Margo B. Applicant
Should I send a letter of continued interest to every school?
No, not in every case. Before you start writing, check the deferral or waitlist letters from your chosen schools and follow their directions on what to do next. For example, some schools may specifically ask you not to write a letter, which means you should obey that request. Other colleges will invite you to write a letter, describing any new achievements or test scores since you first applied. If you’re unsure, you can always contact the school and ask if it’s ok to send a letter of continued interest.
How long should the continued interest letter be?
As mentioned above, keep it short and sweet. While every letter will differ depending on how much new information you need to include, it should be no longer than 1 page. Admissions officers are incredibly busy, and it will work in your favor to give them fewer words to read, not more.
What is the difference between deferrals and waitlists?
Deferrals mean that a decision on your application will be done later. This might be because the college wants more information before considering you or they may want higher grades and experience.
Waitlists, on the other hand, are neither a yes or a no. Students can be on a waitlist because the admissions committee are unsure about your application or because you are behind a pool of other highly qualified candidates. If you’re on a waitlist, do some research to find out more about what your chances are of coming off the waitlist. Bear in mind that there is no guarantee that waitlisted students can gain admission.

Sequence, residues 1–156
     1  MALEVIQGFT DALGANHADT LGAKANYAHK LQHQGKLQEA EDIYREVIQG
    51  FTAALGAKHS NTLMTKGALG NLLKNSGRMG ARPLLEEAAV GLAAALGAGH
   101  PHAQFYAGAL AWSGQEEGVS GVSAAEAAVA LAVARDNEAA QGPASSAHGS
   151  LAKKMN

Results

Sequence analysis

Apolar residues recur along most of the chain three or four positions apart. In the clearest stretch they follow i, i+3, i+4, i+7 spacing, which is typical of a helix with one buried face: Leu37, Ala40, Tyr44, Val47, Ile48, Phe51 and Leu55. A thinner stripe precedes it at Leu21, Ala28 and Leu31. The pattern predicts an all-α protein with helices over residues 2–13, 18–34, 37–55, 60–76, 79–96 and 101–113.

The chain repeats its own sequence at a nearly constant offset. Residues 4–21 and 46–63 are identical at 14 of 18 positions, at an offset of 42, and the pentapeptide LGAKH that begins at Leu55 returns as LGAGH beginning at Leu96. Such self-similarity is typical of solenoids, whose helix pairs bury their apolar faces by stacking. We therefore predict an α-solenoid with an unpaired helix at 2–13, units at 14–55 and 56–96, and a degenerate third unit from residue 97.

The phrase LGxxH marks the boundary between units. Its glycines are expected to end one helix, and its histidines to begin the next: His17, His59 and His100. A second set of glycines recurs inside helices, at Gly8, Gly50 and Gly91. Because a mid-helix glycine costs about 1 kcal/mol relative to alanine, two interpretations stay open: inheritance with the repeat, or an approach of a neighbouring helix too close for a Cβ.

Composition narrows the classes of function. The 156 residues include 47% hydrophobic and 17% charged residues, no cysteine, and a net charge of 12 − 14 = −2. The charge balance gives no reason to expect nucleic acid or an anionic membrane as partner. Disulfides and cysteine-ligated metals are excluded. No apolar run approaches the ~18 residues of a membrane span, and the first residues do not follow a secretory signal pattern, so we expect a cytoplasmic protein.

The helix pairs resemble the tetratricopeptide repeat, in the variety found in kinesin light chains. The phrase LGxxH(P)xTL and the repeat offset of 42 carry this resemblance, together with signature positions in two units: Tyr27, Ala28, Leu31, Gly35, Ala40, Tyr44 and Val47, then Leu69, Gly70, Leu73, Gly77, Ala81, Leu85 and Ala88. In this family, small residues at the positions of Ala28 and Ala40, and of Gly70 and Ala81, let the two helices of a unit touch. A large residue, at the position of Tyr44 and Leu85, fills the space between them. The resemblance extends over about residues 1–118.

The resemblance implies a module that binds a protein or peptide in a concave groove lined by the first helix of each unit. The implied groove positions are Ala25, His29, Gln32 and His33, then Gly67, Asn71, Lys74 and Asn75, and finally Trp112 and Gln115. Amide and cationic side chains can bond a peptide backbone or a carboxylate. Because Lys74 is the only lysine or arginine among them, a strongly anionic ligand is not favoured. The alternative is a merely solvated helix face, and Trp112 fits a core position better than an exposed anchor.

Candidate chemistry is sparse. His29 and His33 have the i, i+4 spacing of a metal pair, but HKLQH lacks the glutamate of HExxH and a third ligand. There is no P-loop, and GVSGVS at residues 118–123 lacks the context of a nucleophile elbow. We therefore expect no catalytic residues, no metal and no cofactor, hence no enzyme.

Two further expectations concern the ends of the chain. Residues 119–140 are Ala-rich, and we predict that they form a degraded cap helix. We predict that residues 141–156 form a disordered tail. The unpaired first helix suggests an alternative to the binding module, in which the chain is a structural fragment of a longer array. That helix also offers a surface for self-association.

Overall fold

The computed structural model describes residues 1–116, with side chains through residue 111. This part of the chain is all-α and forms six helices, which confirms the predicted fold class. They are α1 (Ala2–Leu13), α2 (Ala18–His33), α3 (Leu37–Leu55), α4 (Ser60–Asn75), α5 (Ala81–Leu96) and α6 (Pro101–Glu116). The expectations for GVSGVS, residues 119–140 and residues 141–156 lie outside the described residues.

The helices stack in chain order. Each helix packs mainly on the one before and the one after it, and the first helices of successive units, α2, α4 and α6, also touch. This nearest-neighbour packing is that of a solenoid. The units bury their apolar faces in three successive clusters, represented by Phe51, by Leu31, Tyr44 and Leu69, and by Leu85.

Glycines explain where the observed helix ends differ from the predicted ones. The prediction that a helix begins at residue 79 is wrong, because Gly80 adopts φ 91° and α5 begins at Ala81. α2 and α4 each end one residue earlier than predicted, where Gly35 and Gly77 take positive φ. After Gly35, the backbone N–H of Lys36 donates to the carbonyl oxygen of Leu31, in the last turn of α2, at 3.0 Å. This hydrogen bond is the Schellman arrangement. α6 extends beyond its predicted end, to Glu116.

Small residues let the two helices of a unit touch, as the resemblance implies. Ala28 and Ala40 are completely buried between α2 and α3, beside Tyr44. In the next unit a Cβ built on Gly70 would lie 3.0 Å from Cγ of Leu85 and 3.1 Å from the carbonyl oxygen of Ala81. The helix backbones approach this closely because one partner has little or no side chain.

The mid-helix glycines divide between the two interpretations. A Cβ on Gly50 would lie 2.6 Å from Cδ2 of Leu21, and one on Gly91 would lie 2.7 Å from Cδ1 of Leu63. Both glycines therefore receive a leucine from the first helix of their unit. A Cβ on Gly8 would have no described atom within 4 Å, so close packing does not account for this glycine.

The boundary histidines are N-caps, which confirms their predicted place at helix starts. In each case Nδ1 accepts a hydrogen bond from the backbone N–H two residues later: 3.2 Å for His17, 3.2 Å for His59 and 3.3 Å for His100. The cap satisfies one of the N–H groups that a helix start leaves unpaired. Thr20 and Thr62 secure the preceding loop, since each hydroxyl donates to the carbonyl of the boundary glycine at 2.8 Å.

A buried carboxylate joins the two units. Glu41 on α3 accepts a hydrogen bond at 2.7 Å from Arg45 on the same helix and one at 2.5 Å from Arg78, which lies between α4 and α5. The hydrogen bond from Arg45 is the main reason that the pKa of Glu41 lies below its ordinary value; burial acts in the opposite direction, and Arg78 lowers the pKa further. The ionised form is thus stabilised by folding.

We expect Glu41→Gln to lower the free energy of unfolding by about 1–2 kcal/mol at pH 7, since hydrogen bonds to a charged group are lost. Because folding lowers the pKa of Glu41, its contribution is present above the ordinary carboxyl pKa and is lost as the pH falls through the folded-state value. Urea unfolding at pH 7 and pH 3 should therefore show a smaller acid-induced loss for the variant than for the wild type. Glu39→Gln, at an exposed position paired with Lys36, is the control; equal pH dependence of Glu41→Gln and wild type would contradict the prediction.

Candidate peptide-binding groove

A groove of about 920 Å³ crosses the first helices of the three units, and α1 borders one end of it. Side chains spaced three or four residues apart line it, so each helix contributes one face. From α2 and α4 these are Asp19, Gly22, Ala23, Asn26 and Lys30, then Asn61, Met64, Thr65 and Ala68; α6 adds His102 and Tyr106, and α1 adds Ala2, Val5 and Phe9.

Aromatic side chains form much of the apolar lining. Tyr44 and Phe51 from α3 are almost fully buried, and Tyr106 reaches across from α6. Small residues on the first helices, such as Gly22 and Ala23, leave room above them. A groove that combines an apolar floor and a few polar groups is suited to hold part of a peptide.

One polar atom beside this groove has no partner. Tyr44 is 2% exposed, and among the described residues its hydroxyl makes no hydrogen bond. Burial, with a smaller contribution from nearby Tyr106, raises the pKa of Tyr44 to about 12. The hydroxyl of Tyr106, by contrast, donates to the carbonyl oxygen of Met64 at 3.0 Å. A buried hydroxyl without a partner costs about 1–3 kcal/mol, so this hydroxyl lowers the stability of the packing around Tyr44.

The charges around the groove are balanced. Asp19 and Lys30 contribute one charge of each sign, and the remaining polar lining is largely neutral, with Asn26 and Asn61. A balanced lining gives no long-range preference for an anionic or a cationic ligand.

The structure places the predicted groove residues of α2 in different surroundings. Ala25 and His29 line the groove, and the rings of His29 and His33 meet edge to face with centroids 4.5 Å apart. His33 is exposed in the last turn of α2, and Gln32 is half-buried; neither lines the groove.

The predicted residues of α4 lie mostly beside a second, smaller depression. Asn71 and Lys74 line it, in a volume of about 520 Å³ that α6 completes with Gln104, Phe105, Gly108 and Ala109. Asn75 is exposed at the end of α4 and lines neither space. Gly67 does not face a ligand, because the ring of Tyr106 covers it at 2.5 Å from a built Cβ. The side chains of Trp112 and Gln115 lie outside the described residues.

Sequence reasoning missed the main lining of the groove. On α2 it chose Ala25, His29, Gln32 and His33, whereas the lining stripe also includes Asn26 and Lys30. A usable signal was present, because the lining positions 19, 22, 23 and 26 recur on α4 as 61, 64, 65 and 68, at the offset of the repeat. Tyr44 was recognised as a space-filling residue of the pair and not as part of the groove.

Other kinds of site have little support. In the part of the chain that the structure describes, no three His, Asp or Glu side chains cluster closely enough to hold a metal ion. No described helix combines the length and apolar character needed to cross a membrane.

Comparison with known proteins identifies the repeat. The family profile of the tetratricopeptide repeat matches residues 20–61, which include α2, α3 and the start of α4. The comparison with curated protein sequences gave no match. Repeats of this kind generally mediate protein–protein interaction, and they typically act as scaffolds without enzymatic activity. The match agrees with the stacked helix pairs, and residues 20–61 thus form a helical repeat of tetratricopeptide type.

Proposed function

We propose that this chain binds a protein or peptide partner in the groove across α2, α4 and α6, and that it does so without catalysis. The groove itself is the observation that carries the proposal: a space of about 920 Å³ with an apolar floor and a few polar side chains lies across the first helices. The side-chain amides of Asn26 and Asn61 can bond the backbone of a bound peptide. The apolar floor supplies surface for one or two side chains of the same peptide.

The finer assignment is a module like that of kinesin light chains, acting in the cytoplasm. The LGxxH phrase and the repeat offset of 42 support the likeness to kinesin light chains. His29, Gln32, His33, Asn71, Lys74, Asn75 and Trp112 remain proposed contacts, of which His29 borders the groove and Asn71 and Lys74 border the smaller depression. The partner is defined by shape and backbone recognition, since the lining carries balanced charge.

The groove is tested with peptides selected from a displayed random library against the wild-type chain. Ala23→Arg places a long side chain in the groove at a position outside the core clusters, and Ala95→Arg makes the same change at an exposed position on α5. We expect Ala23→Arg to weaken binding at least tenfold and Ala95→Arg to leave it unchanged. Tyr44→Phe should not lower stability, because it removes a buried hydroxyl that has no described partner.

How can I increase my chances?
Increasing your chances can depend on whether you are waitlisted or deferred. Deferrals can give you an opportunity to improve your grades and acquire more achievements and experience before the next decision period.
When it comes to waitlists, though, this can be tricky as some schools often pull from the waitlist while others seldom do. Again, do some research and find out what the general acceptance rates are for waitlisted students. Overall, the best way to increase your chances is to continue your academic and personal development so that you can incorporate these into your application.
Will a letter of continued interest really help?
Yes and no. It all depends on the school and the reasons you’ve been deferred or put on a waitlist. Some schools also put more weight on expressions of interest and actively pull students from deferrals and waitlists. This can be down to the department’s aim to equalize gender balances, boost enrollment numbers, or incorporate specific talents. That said, if the school accepts a letter of continued interest, it doesn’t hurt to write one — especially if it gives you an opportunity to demonstrate your dedication and list of new achievements.
The Bottom Line
While being deferred or waitlisted is not ideal, it is not a no, and there is still hope. Sending a letter of continued interest to your law school of choice is a good way to show the law school program you care and still have an interest in attending if space becomes available. We hope our article has given you everything you need to write a solid letter of continued interest to get into your chosen school. Good luck!